Several weeks ago Harvard Business Review published a blog post by Vikram Bhaskaran, titled “Customer Support Hierarchy of Needs” which I read carefully but found unfocused and lacking in depth. Consequently I felt the challenge to develop a better, more coherent, model for enterprise technology support.
Eventually I came up with the following as a base model (see the bottom of this post for the naming choice). It is still a work in progress and as it is being refined I’ll post additional versions to the blog.
The model attempts to capture the two most critical investment any organization makes, technology and people, and show the path they progress along in order to deliver a more comprehensive experience. It is based very loosely on the concepts introduced by the various CMM models and progresses through the various maturity stages.
We can all understand that the various maturity phases will not have clear transitions. In fact, most support organizations I have seen tend to have different segments of their operations at different maturity levels. The common theme for all, however, is the desire to make progress along the path to a more mature level of operation. Obviously, as companies expand, efforts may be directed to other pressing concerns, such as global expansion, supporting additional product lines, or adding third parties to the support chain. However, the need for continuous progress up the maturity levels is shared by most support executives I have met.
As a a first step I’d like to define a few of the essential characteristics for each phase identified earlier:
- Chaos – Usually exist only very early in a company’s life, ad-hoc process, lack of infrastructure, metrics or dedicated staff. Support is provided by engineering teams and frequently personal heroics are key to resolving problems with any significant urgency or complexity. Third party partners may provide some support to specific customers, but the interaction is mostly at the technical level.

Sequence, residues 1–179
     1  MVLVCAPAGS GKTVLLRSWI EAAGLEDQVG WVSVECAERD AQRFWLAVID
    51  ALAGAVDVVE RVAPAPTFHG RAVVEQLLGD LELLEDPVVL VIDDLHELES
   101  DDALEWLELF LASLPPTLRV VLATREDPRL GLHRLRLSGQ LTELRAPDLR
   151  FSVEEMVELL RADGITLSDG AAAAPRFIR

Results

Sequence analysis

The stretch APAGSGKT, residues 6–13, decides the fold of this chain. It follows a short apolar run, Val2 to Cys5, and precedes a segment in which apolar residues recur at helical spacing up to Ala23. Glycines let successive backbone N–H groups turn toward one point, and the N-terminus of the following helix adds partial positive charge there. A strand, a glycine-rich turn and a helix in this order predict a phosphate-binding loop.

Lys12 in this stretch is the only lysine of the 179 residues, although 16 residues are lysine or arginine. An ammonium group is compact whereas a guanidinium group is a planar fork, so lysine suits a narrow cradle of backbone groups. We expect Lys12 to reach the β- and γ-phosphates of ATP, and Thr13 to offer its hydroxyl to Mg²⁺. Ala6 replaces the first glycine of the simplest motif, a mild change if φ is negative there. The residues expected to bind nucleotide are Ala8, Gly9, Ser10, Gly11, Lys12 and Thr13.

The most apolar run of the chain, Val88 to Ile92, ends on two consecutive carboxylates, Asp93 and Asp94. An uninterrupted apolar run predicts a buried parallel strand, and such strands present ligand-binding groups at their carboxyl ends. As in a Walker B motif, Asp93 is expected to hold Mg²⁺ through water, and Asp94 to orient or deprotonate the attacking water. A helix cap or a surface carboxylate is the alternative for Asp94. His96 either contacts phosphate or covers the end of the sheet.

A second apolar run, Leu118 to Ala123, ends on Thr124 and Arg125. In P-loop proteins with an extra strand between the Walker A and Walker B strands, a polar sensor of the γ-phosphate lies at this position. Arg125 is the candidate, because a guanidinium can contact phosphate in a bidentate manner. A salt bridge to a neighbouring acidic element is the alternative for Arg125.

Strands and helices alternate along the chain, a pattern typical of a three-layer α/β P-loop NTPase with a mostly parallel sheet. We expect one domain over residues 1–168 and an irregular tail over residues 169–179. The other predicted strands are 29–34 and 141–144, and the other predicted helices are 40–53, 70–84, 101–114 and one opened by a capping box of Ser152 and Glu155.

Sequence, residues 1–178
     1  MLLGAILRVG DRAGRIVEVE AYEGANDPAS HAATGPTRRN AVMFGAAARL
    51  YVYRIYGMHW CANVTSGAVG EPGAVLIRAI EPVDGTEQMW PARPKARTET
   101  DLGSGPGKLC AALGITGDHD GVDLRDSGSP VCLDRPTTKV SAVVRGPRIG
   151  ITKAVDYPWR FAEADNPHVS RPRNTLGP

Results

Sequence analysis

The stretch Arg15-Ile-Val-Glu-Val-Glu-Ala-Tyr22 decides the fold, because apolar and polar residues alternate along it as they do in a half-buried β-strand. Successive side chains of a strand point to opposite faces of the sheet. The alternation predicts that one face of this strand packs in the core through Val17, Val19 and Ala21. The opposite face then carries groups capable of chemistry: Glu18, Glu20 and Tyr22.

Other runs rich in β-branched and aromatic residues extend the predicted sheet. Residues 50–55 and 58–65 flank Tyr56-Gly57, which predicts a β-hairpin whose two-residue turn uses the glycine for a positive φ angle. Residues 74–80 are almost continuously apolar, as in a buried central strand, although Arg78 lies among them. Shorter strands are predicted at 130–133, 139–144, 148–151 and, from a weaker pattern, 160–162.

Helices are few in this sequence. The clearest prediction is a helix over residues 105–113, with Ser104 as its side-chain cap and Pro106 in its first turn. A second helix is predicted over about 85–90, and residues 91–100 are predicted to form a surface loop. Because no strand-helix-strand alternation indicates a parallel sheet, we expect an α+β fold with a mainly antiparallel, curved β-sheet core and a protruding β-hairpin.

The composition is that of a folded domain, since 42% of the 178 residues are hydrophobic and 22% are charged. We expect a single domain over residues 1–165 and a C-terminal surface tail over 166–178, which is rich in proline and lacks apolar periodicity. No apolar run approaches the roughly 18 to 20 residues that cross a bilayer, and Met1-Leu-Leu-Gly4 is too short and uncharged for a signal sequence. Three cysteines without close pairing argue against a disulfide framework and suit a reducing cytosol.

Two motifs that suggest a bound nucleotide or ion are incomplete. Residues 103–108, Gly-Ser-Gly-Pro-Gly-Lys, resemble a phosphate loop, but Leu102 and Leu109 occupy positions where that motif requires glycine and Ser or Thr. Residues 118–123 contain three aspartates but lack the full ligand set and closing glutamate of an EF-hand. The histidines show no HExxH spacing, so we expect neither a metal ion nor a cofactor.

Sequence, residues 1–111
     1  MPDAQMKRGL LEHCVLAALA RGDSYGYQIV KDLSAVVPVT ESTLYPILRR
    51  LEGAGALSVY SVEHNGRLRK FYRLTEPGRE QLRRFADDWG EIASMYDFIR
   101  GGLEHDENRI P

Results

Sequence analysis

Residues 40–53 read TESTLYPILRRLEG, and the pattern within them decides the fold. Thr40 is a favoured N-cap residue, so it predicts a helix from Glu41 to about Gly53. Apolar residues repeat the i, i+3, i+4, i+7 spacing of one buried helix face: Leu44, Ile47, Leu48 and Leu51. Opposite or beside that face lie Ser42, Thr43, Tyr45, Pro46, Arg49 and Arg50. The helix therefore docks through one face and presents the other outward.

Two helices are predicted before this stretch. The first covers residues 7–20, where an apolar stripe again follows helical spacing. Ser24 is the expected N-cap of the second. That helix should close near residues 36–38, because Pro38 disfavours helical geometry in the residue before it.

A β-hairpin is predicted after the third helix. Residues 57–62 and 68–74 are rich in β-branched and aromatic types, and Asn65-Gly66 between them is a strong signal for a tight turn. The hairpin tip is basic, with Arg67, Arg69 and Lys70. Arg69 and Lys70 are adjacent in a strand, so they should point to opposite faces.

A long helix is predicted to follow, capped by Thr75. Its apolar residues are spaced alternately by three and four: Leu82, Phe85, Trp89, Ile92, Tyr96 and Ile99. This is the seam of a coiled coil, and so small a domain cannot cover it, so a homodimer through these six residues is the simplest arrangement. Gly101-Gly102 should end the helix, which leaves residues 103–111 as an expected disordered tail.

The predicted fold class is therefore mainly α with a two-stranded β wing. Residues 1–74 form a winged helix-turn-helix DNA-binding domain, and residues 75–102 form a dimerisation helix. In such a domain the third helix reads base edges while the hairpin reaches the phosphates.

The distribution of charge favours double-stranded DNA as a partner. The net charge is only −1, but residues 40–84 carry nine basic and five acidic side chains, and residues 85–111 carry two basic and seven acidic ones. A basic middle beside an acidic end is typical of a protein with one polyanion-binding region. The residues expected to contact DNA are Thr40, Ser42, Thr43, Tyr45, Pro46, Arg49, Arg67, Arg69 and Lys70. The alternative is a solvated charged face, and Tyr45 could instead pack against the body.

- Managed – Basic processes exist, along with entry level staff to manage non-technical customer communication (e.g., case opening, status requests). Technical interactions still managed by engineering. Basic case tracking and multi-channel capabilities exist. Metrics are used but will usually focus on cost and volume. Basic offering parameters defined and communicated to customers.
- Professional – Processes more elaborate than those at the Managed level, and may include various escalation guidelines. Technical staff is added to the support organization, and the infrastructure becomes more sophisticated in capabilities as well as utilization. Customer Satisfaction will be added to metrics. Sporadic collaboration with engineering. Additional services may be offered, such as Support Account Managers or extended coverage (e.g., around-the-clock or weekend) to supplement standard offering.
- Proactive / Predictive – Knowledge management is used, customers are alerted to potential problems through proactive notification. Close collaboration with engineering teams to ensure high impact or widely encountered problems are addressed rapidly. Vendors can predict which customers or hardware components will encounter certain failures and act accordingly.
- Invisible – Support integrated into other organizations in the company, resting a continuous customer experience through all points of interaction. Multi-channel interaction through forums and other social and traditional channels channels managed consistently. Customer intimacy used to eliminate failures, reduce their impact on customers and increase value derived from products.
How does this model fit with your experiences? Surely everybody who has been in this business for some time has a similar concept about the progress support organizations make over time. It does open the door to understanding the different perspectives to this progress, which we’ll discuss in future posts
The main reason I chose to call the model Enterprise Support Maturity Model as opposed to the frequently used Hierarchy of Needs is that while an individual’s needs have hierarchy, an enterprise customer has choices. We can imagine a hungry person might give up dreams of self-actualization while searching for food. A customer, on the other hand, will go looking for other, more competent vendors.